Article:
by John Farr
John Farr recommends movies about music and musicians.
Told in flashback by aged 18th-century Viennese composer Salieri (F. Murray Abraham), now confined to an asylum, this drama unveils the rivalry that developed 30 years before between Salieri and 26-year-old music prodigy Wolfgang Amadeus Mozart (Tom Hulce), who quickly gains the favor of Joseph II of Austria (Jeffrey Jones). Livid that a vulgar, silly man could be blessed with such talent, the jealous Salieri plots a foolproof way to destroy the gifted composer.
WHY I LOVE IT:
A marvelously acted, flawlessly directed story about jealousy, obsession, and perfectionism, Forman’s stunning “Amadeus” mixes suspenseful drama with historical fact to create a winning fictional biography. The lead actors inhabit their roles with gusto, with Hulce’s crass talent playing off Abraham’s guileful Salieri with great results. Neville Marriner brings Mozart’s music to vigorous life. Winning Oscars for Best Picture, Best Director, and Best Actor (Abraham), “Amadeus” is a triumph that will delight anyone with a soft spot for cracked genius.
True story of piano prodigy David Helfgott (Geoffrey Rush), whose abuse suffered at the hands of his disturbed, exacting father (Armin Mueller-Stahl) only aggravates a precarious emotional state. Eventually, his affliction catches up with a promising concert career, but David has unexpected reserves that eventually allow him to find a fulfilling life-and even love.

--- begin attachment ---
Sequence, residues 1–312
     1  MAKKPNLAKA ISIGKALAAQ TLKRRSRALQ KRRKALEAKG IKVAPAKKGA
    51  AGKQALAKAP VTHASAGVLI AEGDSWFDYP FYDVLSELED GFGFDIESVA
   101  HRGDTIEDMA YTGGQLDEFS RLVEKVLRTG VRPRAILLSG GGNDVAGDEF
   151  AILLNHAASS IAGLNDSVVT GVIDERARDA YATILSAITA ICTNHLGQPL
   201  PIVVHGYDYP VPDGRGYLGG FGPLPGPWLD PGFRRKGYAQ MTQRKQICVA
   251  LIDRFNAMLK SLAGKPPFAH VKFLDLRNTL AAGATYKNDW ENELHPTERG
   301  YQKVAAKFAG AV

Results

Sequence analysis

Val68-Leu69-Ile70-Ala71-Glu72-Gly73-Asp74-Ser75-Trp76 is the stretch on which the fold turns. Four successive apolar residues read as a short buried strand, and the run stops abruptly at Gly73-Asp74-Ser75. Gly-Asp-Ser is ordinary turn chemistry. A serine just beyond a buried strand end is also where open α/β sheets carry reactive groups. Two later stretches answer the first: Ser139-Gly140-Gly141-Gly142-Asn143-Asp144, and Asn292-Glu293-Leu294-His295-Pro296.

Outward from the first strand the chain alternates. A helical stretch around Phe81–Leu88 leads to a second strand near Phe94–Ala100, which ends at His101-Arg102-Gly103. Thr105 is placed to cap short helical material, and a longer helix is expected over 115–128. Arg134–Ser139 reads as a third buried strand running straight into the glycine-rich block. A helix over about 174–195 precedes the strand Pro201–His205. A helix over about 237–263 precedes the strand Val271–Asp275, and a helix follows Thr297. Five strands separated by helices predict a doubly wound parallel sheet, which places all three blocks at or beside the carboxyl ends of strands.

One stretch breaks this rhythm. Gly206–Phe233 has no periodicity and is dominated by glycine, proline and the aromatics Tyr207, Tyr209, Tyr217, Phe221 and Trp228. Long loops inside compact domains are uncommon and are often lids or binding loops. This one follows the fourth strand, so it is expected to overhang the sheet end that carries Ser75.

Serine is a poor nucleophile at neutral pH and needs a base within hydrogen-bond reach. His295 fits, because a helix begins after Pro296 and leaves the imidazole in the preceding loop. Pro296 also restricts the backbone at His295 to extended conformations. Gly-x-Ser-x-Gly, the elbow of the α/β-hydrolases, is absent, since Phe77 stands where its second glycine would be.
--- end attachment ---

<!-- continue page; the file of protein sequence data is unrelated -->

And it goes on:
WHY I LOVE IT:
Involving, stunningly executed feature benefits from a smart, knowing script and an astonishing, Oscar winning performance by Rush as the adult David. (Noah Taylor also excels playing Helfgott as an adolescent). Mueller-Stahl makes your skin crawl as the haunted father. An often harrowing tale that ends on an uplifting, inspirational note.
Almost Famous (2000)
Against the wishes of wary mother Elaine (Frances McDormand), aspiring teenage music journalist William (Fugit) takes a plum assignment from Rolling Stone to cover the latest tour of his favorite rock band, Stillwater. On the road, 15-year-old William befriends lead guitarist Russell (Billy Crudup), who keeps promising him a juicy interview, and falls for “band aid” (i.e. groupie) Penny Lane (Kate Hudson), who’s barely older than William himself.
WHY I LOVE IT:
Set in the early 1970s, and based on actual events in the life of writer-director Cameron Crowe – once an underage Rolling Stone scribe himself – “Almost Famous” is a beautifully observed coming-of-age drama that captures the spirit of an era with soulful warmth and bittersweet insight. Crudup, McDormand, Hudson, and wide-eyed newcomer Fugit all deliver vivid, well-rounded performances, while a brief early appearance by Philip Seymour Hoffman as real-life gonzo critic Lester Bangs remains indelible. Crowe’s songs of innocence and experience will rock your world.